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Developers revise controversial retail centre plans

DEVELOPERS behind controversial proposals to build a retail centre on the outskirts of Ennis have made a number of changes to the original plans, which they say will make a “positive contribution” to the layout of the proposed scheme.
They have also insisted that the planned retail development is “compatible” with other retail business in the town centre.
The changes to the planning application by Michael Lynch Ltd have been re-advertised by Ennis Town Council and business groups against the plans are now urging people to make submissions.
Michael Lynch Ltd applied for planning permission for the large retail development on the Limerick Road and Tobarteascain Road, saying it will create 300 jobs. However, the plans have been criticised by local business groups who claim it could lead to a ‘doughnut effect’ in the town.
The developers have responded to a request from the planning authority of Ennis Town Council for further information about the proposed development.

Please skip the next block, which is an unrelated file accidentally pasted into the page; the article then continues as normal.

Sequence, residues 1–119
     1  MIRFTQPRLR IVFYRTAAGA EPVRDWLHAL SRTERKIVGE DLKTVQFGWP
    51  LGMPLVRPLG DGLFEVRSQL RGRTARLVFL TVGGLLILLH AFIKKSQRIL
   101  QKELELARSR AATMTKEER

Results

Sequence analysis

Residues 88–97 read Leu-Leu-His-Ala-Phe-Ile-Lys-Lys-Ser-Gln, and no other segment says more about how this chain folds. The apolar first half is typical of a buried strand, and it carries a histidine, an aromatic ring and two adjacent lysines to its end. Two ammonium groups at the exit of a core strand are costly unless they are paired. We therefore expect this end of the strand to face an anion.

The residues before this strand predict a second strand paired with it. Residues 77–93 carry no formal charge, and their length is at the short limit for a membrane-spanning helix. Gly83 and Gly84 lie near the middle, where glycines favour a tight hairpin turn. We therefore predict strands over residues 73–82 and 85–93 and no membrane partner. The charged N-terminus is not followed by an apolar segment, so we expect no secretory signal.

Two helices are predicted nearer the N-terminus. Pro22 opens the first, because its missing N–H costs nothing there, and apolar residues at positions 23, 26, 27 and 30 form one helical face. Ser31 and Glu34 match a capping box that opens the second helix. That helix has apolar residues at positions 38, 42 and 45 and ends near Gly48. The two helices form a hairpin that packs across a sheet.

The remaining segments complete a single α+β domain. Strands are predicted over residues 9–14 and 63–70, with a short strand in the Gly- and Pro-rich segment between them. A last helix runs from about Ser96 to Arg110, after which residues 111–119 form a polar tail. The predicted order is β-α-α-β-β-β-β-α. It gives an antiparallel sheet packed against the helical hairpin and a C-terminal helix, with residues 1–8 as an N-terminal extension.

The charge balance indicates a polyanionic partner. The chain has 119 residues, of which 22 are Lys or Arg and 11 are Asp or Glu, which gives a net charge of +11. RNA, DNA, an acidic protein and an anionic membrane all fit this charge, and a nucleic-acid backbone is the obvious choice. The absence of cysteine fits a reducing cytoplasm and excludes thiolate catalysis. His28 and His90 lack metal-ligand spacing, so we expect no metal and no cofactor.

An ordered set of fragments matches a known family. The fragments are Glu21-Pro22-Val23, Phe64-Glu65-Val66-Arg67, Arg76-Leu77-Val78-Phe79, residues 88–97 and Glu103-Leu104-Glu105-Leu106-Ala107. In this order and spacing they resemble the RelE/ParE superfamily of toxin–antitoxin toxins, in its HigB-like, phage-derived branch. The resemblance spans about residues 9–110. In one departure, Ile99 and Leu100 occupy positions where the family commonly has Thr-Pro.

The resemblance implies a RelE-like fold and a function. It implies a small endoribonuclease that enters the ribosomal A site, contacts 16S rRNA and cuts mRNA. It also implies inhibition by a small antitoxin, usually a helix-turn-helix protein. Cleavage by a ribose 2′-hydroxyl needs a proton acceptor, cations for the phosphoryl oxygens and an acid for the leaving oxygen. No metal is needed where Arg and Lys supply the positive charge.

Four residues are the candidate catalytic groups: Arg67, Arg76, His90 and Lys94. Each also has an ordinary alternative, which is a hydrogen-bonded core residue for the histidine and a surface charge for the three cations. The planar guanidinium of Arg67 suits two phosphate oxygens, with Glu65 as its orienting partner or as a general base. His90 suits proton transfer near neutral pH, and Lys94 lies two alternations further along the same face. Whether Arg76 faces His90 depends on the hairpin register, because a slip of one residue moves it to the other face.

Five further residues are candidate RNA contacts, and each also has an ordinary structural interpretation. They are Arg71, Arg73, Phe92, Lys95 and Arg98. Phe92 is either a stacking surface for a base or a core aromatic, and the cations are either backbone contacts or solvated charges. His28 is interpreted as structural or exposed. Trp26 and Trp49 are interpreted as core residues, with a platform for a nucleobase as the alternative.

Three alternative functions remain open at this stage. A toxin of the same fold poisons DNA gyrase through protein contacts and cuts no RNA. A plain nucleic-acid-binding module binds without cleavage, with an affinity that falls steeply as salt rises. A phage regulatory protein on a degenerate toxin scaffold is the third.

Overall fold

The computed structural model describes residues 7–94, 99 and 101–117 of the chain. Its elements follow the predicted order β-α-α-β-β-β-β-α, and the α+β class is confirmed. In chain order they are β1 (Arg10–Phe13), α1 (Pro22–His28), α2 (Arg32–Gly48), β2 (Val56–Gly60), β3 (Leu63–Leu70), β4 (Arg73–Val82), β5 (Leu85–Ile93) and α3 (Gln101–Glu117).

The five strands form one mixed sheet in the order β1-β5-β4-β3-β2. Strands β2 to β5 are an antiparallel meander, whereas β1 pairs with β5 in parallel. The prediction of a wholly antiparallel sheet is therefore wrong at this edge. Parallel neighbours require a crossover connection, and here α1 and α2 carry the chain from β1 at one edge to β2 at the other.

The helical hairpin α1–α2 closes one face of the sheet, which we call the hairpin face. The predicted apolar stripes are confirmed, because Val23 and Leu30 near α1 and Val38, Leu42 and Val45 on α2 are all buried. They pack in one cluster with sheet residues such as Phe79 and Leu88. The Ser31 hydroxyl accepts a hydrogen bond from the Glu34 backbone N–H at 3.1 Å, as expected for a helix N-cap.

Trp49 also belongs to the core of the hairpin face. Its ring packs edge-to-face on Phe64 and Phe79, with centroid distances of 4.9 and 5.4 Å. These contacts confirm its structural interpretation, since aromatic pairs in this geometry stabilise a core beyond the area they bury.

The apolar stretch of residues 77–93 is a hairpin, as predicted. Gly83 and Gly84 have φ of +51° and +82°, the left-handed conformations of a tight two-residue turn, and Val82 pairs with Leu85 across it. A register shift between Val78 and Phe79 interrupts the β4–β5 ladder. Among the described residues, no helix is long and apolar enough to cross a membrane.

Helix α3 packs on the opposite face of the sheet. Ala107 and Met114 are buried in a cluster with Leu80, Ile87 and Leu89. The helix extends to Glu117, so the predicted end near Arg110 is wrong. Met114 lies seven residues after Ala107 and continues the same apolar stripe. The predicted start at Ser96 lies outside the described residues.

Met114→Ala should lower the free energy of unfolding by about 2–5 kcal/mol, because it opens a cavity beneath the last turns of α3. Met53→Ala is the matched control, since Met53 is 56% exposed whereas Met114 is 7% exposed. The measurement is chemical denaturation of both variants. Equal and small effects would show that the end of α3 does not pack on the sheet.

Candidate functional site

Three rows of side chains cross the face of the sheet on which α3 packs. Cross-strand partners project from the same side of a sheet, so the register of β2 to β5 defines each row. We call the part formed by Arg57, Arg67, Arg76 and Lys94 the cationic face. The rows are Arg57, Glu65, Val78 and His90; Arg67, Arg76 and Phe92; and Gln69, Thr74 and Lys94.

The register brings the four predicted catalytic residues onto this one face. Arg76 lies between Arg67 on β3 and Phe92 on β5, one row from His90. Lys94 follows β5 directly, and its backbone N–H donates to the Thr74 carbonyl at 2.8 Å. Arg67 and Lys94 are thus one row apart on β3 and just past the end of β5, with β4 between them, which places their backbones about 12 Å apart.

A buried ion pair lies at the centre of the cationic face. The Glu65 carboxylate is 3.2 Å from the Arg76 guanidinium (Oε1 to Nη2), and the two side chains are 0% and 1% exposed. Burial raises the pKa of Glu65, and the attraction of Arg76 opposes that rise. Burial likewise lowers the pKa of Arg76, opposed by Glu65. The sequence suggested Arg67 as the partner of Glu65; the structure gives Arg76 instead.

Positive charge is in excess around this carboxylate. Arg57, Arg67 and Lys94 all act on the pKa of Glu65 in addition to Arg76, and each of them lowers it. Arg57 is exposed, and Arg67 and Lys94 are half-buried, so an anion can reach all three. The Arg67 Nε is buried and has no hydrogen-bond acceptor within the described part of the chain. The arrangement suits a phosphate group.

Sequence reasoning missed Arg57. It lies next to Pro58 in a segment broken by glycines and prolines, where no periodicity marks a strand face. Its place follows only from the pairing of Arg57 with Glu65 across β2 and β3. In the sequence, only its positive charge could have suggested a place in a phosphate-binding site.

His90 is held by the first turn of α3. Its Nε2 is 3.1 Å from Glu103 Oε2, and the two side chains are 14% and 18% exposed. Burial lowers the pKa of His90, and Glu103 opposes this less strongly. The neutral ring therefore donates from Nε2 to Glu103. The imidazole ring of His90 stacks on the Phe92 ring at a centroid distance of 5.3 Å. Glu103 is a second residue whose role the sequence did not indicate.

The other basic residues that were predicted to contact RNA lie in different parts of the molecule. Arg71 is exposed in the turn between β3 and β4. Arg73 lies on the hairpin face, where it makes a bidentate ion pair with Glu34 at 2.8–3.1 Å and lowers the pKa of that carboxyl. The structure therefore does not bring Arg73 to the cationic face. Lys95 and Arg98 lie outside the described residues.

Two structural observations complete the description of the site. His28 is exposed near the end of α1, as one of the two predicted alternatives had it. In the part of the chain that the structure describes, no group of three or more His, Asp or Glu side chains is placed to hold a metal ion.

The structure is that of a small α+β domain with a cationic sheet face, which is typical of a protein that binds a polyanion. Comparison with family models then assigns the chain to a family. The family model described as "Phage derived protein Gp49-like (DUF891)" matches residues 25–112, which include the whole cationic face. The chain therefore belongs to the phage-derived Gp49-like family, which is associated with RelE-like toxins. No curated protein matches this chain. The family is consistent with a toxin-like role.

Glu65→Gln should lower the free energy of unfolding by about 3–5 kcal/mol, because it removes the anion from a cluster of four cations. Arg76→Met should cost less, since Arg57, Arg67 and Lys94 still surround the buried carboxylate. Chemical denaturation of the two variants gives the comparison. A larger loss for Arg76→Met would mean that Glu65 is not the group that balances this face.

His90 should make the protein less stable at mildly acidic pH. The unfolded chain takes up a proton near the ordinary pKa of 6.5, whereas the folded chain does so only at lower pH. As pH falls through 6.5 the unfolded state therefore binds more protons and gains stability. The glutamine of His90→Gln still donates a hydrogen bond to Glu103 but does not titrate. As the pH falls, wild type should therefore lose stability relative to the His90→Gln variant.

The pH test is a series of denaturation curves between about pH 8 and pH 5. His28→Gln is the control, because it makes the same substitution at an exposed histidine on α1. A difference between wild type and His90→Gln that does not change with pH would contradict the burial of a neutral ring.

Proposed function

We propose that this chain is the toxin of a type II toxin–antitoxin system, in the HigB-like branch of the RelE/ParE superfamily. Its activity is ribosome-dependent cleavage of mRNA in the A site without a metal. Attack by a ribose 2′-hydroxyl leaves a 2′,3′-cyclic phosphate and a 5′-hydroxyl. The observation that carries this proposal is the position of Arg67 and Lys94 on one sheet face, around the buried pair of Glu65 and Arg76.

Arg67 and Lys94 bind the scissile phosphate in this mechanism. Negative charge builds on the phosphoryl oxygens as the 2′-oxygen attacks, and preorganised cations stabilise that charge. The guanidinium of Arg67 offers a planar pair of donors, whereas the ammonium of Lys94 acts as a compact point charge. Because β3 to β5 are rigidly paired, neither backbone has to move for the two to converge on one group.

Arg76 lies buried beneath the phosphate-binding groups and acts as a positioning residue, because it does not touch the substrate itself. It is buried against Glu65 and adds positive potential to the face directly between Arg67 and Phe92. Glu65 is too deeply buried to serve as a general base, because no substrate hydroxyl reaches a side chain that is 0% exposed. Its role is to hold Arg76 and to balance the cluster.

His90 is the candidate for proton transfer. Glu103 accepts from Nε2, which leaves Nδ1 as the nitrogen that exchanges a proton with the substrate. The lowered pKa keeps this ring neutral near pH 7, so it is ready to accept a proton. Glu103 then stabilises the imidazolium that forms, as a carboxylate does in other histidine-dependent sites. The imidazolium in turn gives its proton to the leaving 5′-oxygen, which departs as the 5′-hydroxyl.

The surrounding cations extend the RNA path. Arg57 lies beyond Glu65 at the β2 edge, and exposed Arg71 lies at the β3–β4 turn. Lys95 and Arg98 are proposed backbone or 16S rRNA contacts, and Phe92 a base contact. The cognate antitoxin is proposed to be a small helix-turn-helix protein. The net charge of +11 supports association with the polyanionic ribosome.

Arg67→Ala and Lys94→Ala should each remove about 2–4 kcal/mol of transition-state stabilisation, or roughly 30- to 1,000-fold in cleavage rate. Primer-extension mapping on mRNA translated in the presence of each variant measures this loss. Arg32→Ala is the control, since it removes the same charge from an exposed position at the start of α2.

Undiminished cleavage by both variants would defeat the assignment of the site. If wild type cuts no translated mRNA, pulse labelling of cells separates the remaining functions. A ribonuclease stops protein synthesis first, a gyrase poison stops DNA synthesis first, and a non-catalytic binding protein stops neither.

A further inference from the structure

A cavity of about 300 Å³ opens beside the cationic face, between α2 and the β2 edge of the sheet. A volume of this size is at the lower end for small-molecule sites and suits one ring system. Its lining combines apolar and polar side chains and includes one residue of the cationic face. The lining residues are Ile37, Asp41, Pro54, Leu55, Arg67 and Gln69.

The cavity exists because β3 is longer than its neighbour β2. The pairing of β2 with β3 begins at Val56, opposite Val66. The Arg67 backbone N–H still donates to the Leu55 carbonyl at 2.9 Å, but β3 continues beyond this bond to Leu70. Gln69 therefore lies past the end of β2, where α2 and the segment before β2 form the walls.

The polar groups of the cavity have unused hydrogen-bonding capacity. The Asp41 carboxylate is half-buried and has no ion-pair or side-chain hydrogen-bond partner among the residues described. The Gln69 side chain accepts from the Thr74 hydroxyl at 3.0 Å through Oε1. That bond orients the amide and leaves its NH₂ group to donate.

Addressing the scale of the development, the document states,  “The approach to the development at this time has had regard to the economic climate as reflected in the Mid-West Retail Strategy findings. Ennis, along with Shannon, did not benefit nearly as much from retail investment as other parts of the Mid-West as recognised in the Mid-West Regional Planning Guidelines. At the same time, there is a need for new convenience and comparison floor space.”
The document insists, “The approach taken in this case was to ensure that the proposal was respectful of the overall scale, and offer of the town centre and the need for higher order, comparison space would be appropriately located in the town centre. The comparison sales offer of the anchor store would be lower order retail, as would be expected in a district centre. This contrasts with the town centre’s retail offer that is a mix of middle and higher order retail. The two are therefore very much compatible.”
“The proposed development is not a large shopping centre with space for a wider number of high street clothes stores,” it continues. “It is intended that format of retail is located in the town centre, thus strengthening the uniqueness and attraction of the town centre, in the face of substantial competition from Limerick and Galway.”